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Toronto ridings spooked by spate of tire slashings

Dr. Eric Hoskins celebrates his win in the St. Paul's riding, kissing his wife. Sept. 17, 2009.

Della Rollins For The Globe and Mail/della rollins The Globe and Mail

Typically, tire slashing in Toronto is written off as the handiwork of troublesome young people prone to fits of mischief when under the influence of alcohol or drugs, or both.

This is election time, however, and a spate of vehicle vandalism in two mainly affluent pockets of the city has some residents wondering whether their brand of federal politics has made them a target. Nearly all of the victims had Liberal signs affixed to their front lawns.

"This is Canada. It's a free country. It's not supposed to be like this," said one victim, whose elderly Chinese parents were so spooked by the attack on the family's blue Volvo they asked their daughter not to reveal her name to the media.

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All four of the Volvo's tires had been rendered flat sometime Friday night, likely punctured. It was one of at least five vehicles vandalized in the Annex, part of the Trinity-Spadina riding. This had never happened to the family before in their 40 years of living in the neighbourhood. They also had never put up a federal lawn sign before.

"I'm sure that it is a reason," their daughter said of the show of Liberal support. "It's completely uncalled for. Whoever did it, I don't know what they can accomplish."

As neighbours in the Annex speculate on who is behind the tire attacks - Toronto Liberal MPP Eric Hoskins' vehicle was also hit - Toronto police detectives are working to piece together a motive. They're also trying to determine whether the vandalism is connected to a Thursday night spree near Bayview Avenue and Eglinton Avenue East in Davisville. In that instance, roughly 20 vehicles were damaged, their tires punctured or body paint scratched.

And prominent Liberal Bob Rae, a candidate in Toronto-Centre, revealed via Twitter on Saturday that his front left tire was slashed that morning, though no other details were disclosed.

Liberal candidate Carolyn Bennett believes the vandalism in her St. Paul's riding, which includes Davisville, is politically motivated. At this stage of their investigation, police aren't prepared to make that leap. A person of interest has been identified in the Davisville case. But as of Sunday afternoon, officers hadn't located the white man who had been seen in the area wearing a dark leather jacket, blue pants and white baseball cap.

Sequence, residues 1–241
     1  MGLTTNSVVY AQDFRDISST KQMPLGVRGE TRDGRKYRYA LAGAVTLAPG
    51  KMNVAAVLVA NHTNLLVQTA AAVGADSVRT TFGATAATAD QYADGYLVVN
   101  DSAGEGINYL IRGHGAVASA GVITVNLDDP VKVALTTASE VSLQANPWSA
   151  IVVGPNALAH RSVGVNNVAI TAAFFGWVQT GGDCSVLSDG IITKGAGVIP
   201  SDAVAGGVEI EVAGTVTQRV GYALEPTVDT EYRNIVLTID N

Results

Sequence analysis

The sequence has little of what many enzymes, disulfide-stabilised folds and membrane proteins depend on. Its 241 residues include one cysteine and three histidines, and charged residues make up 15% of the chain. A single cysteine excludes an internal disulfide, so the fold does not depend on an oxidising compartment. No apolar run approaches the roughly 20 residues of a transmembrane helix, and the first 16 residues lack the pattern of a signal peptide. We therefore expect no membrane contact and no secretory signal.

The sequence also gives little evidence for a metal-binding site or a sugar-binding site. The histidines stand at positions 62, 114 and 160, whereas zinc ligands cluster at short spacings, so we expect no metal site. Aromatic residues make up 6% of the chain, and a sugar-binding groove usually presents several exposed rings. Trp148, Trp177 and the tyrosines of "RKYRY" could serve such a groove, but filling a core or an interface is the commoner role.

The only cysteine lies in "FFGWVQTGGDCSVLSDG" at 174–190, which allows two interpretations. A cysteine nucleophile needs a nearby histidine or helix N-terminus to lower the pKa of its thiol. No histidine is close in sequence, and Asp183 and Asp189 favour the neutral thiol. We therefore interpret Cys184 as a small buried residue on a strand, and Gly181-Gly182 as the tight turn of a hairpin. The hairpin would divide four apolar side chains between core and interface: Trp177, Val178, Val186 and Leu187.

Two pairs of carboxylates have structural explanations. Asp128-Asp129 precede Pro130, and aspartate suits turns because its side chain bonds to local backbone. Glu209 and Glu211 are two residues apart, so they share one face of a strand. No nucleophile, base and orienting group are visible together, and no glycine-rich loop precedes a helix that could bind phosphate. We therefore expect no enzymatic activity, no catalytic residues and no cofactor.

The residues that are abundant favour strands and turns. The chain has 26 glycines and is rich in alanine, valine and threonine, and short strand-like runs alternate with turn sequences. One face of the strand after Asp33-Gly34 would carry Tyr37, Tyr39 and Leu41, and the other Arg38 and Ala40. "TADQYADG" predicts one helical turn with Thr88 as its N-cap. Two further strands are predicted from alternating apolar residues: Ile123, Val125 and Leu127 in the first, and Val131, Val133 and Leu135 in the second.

"Until the culprit is apprehended, the motives can't be confirmed," said Toronto Police Staff Sgt. Andy Norrie.

Theories abound, however.

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Trinity-Spadina resident Judy Keeler points the finger at "extreme right-wing organizations who are against a liberal mindset."

On Saturday, Ms. Keeler discovered her car and garage had been vandalized, the second time in two months. This time, all four tires of her silver Pontiac Sunfire were slashed, the outside of her car was scratched, and "Lie beral scum" was spray painted in gold letters on the side of her garage.

"This is a politically motivated act of vandalism. It is not just about the federal election," said Ms. Keeler, who canvasses for local Liberal candidate Christine Innes and has sported Barack Obama stickers on her Pontiac, an homage to her American roots. She believes the Obama stickers motivated the first attack, and her neighbour's Liberal lawn sign motivated the latest one.

But in the riding of Trinity-Spadina, the Conservatives weren't much of a factor in the 2008 campaign, finishing a distant third.

On Ms. Keeler's street near the University of Toronto, there's not one sign of support for Conservative candidate Gin Siow. The election battle, here at least, remains between Ms. Innes and Olivia Chow of the NDP. Ms. Chow defeated Ms. Innes by nearly 3,500 votes in the 2008 campaign.

The political rivals have each condemned Friday night's vandalism, characterizing it as intimidation. In a statement, Ms. Chow said the slashing of tires was "an affront to the democratic process and freedom of expression."

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Conservative Leader Stephen Harper also denounced politically motivated vandalism while campaigning in the Victoria area Sunday.

In the Annex, political differences haven't stirred animosity among neighbours, said resident Dr. Hoskins, a Grit MPP who represents the provincial riding of St. Paul's.

On his tree-lined avenue, Liberal, NDP and Green Party signs all compete for attention. Dr. Hoskins has a Liberal sign on his front lawn; so does a next-door neighbour. Both had their tires punctured in Friday night's spate, which police estimate occurred between 8 and 11 p.m.

The tire slasher proved brazen. Unlike the nearby blue Volvo, which was parked in a driveway by the road, Dr. Hoskins' car and his neighbour's were parked at the back of their homes, requiring the culprit or culprits to walk about 30 metres between the two red brick houses. Movement would have triggered a bright security light.

"For me it's not a partisan thing. I don't think any of us should get too hung up on what colour the sign was," Dr. Hoskins said. "The important thing, I think, is that Canadians were intimidated. An attempt was made, presumably, to suppress their vote."

With a report from Steven Chase

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